Hacking the Academy: A Review
Hacking the Academy is a very interesting kind of a thing. At it’s core it is a compilation of articles and scholarship on the emerging digital age in education, but the ideas behind the site are so much more complex that explaining the site this way almost seems like a disservice. The site and corresponding printed book were conceived by Dan Cohen and Tom Scheinfeldt, both from George Mason University. The two had an idea for a “crowdsourced” book that would be put together in a week. Basically, they posted some questions online on their personal websites and social media channels, and these questions became a call for submissions. Every kind of digital writing was accepted, from essays and long articles to tweets, and these were compiled online on their website hackingtheacademy.org, and also published in a printed volume available from the University of Michigan’s DigitalCulture Books.
First things first, something has to be said about the design and use of the website before one can dig into it. Hacking the Academy is a lot like goulash: it’s a little sloppy, doesn’t look all that great, but it’s very filling and meaty. Alright, maybe that’s a bit unfair. The site itself isn’t sloppy exactly, it’s just not as well laid out as it perhaps should be. The presentation of the homepage is kind of hard to look at, since it was given the appearance of something conspiratorially typed up on a typewriter with a slightly fading ink ribbon. I think that this was done because of the title of the entire project “Hacking” the academy. There is a rather extensive set of reasons given in the printed version of Hacking the Academy by Cohen and Scheinfeldt about why the word “Hacking” was chosen for this project, but the Introduction and Preface are not linked to or hosted on the .org homepage. This is extremely frustrating. It seems that a project of this scope should have a large friendly link titled “About” that
takes the reader to the explanation of what the project was about, how it got started, its effects, and all that good stuff. Sadly, most of this is lacking on Hacking the Academy, and while the Introduction and Preface can be read on the printed book’s publisher website , this seems like information that should be located directly on the original site, as the first piece of information for readers to read. There is a link for current news about the project and a link to criticisms of the project, but no explanation of the project itself. This seemed rather mysterious when first looking the project, and it has, if anything, become more mysterious. It is a major fault in the foundation of an otherwise solid project.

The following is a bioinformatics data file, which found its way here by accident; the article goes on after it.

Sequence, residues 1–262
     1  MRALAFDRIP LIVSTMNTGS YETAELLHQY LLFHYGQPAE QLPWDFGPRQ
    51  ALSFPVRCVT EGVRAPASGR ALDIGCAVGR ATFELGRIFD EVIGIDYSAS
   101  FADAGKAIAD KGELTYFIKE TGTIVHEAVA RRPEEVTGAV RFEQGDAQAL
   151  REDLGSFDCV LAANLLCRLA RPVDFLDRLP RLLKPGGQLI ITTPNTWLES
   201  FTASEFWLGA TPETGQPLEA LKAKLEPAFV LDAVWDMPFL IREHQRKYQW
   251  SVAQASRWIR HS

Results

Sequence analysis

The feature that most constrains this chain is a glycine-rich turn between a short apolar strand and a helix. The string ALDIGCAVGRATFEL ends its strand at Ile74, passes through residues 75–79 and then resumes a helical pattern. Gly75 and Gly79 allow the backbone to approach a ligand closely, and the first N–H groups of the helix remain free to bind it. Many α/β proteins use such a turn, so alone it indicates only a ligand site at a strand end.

So, what about the project? What’s it all about? Is it successful? Is it relevant? Why “Hacking”? Perhaps it is best to start with that last one. Using the language of the authors in the introduction to the printed volume to answer that question (and simplifying more than a tad): “A hacker is a person who looks at systemic knowledge structures and learns about them from making or doing.” Basically, the model of hacking fit the model of education the creators of this project and the contributing authors saw. It is important to point out that while the articles in the first section are focused primarily on Undergraduate education, the sections almost advance themselves, moving from the classroom to the conference to the tenure track. Really, anyone involved in the education system is a part of the audience of this book.
To put all of this another way, the word “Hacking” was chosen because in fiction and fact, hackers are innovators taking the rules of a given structure and slightly modifying them in order to get what they want out of that system. This means that the website was designed to not only explore how technology is used in the classroom today, but also how teachers are implementing technology in actual classrooms to adjust (or hack) their curriculum and responses of their students. It’s a pretty cool idea.
In order to make the reader’s job a little more simple (there are more than 300 submissions on the site), the website has been broken down into these categories: First: Lectures, Classrooms, and the Curriculum, Second: Educational Technology, Third: Scholarly Societies and Conferences, Fourth: Scholarship and Scholarly Communication, Fifth: Academic Employment, Tenure, and Scholarly Identity, Sixth: Departments and Disciplines, Seventh: Libraries, and finally the Miscellaneous category: More Hacking. These subject headings are helpful, but they can also be slightly misleading. Many of the articles here span more than one subject in small amounts of space, so it seems like the most relevant or most present topic in the article was chosen to be it’s place. Really, its not a bad organization system. Once a reader selects a section to read, they are taken to a page of bare links. Each article has the author and title…nothing else. Well, some have some small editors notes like “video” or “nominated by”. The point is that there is no brief description of the links. This has two interesting and distinct effects, first it encourages exploration and expansion because not only does the reader not entirely know what they are about to read, but they also don’t know what to read next. There is no true “order” to these links, they just sort of randomly flow down the page.